Supplying goods to urban areas is a fundamental economic process because the majority of the world population lives and buys goods in cities. Freight distribu-tion activities in urban areas account for roughly 40% of supply chain costs and 60% of supply chain CO2 emissions. Moreover, surging e-commerce trends shape the urban freight transportation arena, increasing its complexity and the pressure on private actors. Thus, urban freight transportation activities generate negative externalities, but are relevant to a great amount of enterprises that compose the economic and social fabric. In this context, City Logistics (CL) emerged as a comprehensive concept driv-ing solutions to reduce negative externalities while interfering as little as possible with private actors’ operations and profitability. CL scholars and practitioners are facing several issues arising from e-commerce and population growth. In particu-lar, logistics service providers are called to optimize their operations in order to increase the speed of delivery. At the same time however, CL is dealing with technological and systemic innovation that might enhance optimization capabili-ties and network usage. As a response to the changing environment and within the mandate of CL paradigm, local authorities and private actors have invested on a wide range of initiatives. The variety of approaches adopted and stakeholders involved, at multiple governmental levels, are responsible for a mixed landscape of CL experiences across different regional contexts. Furthermore, despite their relatively large dif-fusion, CL initiatives often fail in taking up after a first pilot implementation, unable to reach paying customers after public subsidies are removed. Therefore, un-derstanding the major business aspects that underline the reasons for adopting CL initiative by private stakeholders is key to a more long-term vision on CL implementation and assessment. Previous research has given little attention to understanding the commercial and business aspects of CL projects before actually designing and implementing them, even though CL scholars have ascertained that evaluation methodologies need to encompass all aspects relevant issues for CL schemes. Several methodol-ogies have been proposed since the inception of CL with the evaluation objective in mind. However, they fall short in different ways. For instance, qualitative methods adopt a short-term feasibility approach to CL evaluation, and the subjec-tive evaluation of quantitative outcomes may potentially influence the ranking between different alternatives. On the other hand, modelling techniques need high quality data to simulate traffic flows and consumers’ demand, but fail short to ad-dress other important decision-making factors related to the business model of stakeholders. Research opportunities therefore lie in mixing the advantages of quantitative and qualitative approaches to include stakeholders in quantitative ex-ante evaluation of CL projects. My thesis will try to answer to the following research questions. -Research question 1: What is the state-of-art of CL projects modelling and evaluation meth-ods/frameworks? -Research question 2: How can an integrated qualitative-quantitative framework for CL evaluation be conceived? -Research question 3: How can a new evaluation framework effectively integrate a business-oriented view of CL systems? The first objective of this thesis is to highlight advantages and disadvantages of assessment methodologies with respect to the integration of the business mo-tives of CL actors into non-project specific, a long-term view on CL project as-sessment. The second objective of this work is to define a theoretical framework for designing and assessing CL projects business models on a qualitative level. To this end, CL systems are here compared to business ecosystems, which are a network of interrelated business entities. In the framework, CL actors can play multi-ple roles, and their decisions are based on their objectives, information, and con-straints. The business model of a business entity within the system is the set of the roles it plays, the business and operative relationships formed with other business entities, and the monetary and intangible values exchanged through these relationships. New quantitative methods are needed for a more sound representation of the patterns emerging from the different behaviours of agents. Hence, the third objective is to build an agent-model proposal for modelling, simulating and ultimately evaluating CL projects business model. In agent-based modelling, each actor can be modelled as an agent possessing objectives and decision-making attributes. Agents act autonomously and their interactions are defined formally by means of ontologies and model narratives built as a representation of real-life system. Finally, an experiment design will be constructed to provide insights on an ex-isting case study related to the introduction of automated parcel locker station. Two CL ecosystem configurations are modelled together in order to simulate the decision to adopt a new logistics service by potential customers. Then, the effect of the decision regarding the allocation of marketing and R&D budget is also evaluated. From the simulation runs, it becomes clear that the outcome for each ecosystem configuration in terms of profits and customers is strongly influenced by the decisions taken within the other configuration. In summary, this thesis provides a first modelling and simulation tool for as-sessing the implications of business model decisions within specific CL business ecosystems. For instance, the strategic decision to adopt a service proposed by a CL company is associated with the evaluation of intangible benefits offered by such company. Moreover, the modelling tool highlights the links between such strategic decisions and the operative ones, such as vehicle routing or inventory policies. Therefore, it proves that qualitative approaches can be used to integrate all stakeholders, while quantitative modelling provide a simulation environment to test long-term effects of different scenarios. However, this study has some limita-tions. For instance, more strategic decisions should be included in the model to investigate endogeneity stemming from agents’ actions. Furthermore, the implica-tion on the business ecosystem of the value of information are not assessed. Finally, the scope of the computational experiment should be widened to include a per-formance evaluation phase, which would then lead to more decision-making by the agents. Further research is aimed at using the tools developed in the thesis to understand how to drive retailers to change their attitude towards CL by under-standing and designing value proposition that might appeal to them. Moreover, the implications of the entrance of new CL players one traditional ones’ business model need to be explored more deeply from the strategic perspective of power relations.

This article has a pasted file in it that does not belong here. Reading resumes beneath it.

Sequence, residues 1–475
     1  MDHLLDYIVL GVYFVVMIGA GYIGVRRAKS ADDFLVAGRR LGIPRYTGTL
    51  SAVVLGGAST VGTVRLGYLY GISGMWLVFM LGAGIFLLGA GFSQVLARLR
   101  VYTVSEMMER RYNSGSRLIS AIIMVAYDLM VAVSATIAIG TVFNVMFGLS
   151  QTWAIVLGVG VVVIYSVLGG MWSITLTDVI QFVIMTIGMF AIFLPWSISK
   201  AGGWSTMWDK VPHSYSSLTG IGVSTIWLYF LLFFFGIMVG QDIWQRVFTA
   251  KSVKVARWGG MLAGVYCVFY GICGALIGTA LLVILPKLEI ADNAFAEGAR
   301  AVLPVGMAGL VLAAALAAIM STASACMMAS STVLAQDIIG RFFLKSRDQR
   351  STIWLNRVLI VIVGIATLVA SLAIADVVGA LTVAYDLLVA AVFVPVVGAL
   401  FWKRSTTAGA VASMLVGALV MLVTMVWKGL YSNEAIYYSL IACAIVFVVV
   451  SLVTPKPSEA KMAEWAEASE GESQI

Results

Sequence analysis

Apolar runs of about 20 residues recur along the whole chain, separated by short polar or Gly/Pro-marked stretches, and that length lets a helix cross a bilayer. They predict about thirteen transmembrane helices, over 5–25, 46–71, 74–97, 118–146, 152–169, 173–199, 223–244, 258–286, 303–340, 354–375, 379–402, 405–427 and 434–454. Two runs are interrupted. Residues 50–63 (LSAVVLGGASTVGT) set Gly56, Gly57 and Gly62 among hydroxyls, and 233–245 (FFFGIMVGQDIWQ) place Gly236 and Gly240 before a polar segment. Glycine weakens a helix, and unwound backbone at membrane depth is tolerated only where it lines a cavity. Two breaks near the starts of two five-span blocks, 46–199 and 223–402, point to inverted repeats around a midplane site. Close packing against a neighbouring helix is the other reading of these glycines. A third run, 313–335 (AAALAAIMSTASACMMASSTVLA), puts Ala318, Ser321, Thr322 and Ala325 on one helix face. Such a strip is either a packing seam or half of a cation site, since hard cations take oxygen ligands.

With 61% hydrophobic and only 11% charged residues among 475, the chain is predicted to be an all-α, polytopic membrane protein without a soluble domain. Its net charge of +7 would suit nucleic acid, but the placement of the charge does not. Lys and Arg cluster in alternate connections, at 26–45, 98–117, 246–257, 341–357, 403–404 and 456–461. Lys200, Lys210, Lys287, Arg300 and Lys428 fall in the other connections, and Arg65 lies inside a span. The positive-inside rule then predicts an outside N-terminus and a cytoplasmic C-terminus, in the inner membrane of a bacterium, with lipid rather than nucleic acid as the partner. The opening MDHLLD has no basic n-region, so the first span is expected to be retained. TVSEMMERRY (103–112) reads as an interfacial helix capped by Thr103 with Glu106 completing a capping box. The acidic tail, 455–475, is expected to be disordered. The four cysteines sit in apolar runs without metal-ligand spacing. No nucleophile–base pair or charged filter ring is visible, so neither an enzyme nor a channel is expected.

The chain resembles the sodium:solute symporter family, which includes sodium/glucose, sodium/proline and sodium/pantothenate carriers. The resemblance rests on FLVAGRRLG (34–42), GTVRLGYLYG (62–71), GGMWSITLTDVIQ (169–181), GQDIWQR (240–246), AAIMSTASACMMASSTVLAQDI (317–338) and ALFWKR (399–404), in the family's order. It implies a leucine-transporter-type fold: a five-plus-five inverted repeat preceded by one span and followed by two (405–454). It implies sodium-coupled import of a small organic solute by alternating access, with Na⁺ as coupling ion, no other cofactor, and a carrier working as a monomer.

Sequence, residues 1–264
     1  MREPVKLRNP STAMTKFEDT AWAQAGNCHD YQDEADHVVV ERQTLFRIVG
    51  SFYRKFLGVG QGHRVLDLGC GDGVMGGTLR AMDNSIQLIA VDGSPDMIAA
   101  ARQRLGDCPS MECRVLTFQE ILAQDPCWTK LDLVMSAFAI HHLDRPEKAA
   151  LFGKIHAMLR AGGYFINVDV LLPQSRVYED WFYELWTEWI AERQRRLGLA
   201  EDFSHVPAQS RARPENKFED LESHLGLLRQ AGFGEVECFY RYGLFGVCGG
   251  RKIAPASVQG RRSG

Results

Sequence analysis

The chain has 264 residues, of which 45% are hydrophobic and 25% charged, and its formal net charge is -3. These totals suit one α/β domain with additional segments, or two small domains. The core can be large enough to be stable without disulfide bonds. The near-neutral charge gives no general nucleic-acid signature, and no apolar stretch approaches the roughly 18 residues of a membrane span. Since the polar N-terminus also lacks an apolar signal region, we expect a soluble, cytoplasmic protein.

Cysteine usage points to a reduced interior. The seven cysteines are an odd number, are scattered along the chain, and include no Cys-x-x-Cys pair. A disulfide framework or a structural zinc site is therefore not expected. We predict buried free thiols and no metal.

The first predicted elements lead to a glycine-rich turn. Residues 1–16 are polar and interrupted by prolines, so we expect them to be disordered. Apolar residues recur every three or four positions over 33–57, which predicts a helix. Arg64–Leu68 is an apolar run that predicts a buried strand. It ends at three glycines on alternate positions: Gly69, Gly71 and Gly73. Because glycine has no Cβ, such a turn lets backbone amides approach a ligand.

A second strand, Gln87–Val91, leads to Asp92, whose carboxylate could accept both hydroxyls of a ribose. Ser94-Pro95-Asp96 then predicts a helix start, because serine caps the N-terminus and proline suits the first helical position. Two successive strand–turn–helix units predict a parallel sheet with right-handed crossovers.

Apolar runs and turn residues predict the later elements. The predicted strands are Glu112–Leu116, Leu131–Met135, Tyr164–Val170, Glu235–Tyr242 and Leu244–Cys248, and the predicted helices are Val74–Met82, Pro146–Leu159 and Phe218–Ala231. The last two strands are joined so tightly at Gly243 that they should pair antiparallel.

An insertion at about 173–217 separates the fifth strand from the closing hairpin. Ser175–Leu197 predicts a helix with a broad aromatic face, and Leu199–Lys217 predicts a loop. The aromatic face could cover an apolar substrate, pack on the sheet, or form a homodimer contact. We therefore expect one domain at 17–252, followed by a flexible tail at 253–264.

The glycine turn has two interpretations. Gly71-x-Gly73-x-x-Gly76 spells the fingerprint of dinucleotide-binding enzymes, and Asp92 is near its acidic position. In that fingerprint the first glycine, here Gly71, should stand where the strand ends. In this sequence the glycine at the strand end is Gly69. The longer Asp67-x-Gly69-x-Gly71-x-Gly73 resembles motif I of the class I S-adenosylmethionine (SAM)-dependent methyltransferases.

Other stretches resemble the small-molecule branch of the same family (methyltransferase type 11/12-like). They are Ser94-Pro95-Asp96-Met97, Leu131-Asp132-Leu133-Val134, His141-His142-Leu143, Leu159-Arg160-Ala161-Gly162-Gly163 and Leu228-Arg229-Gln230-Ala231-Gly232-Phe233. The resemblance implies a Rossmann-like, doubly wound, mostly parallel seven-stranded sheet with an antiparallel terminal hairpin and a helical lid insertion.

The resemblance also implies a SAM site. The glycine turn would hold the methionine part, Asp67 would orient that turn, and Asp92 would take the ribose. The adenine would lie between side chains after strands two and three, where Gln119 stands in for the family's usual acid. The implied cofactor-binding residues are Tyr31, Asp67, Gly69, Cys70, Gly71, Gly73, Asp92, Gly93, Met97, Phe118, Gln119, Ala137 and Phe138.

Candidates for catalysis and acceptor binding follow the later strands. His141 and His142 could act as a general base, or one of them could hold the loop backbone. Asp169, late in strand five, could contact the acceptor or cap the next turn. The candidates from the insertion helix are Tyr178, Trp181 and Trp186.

|Titolo:||A new evaluation approach to City Logistics projects A business-oriented Agent-Based model|
|Data di pubblicazione:||5-lug-2018|
|Appare nelle tipologie:||8.1 Doctoral thesis Polito|
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|Doctoral Dissertation_Giovanni Zenezini_Revised_Final.pdf||Tesi di dottorato||5. Doctoral Thesis||Visibile a tuttiVisualizza/Apri|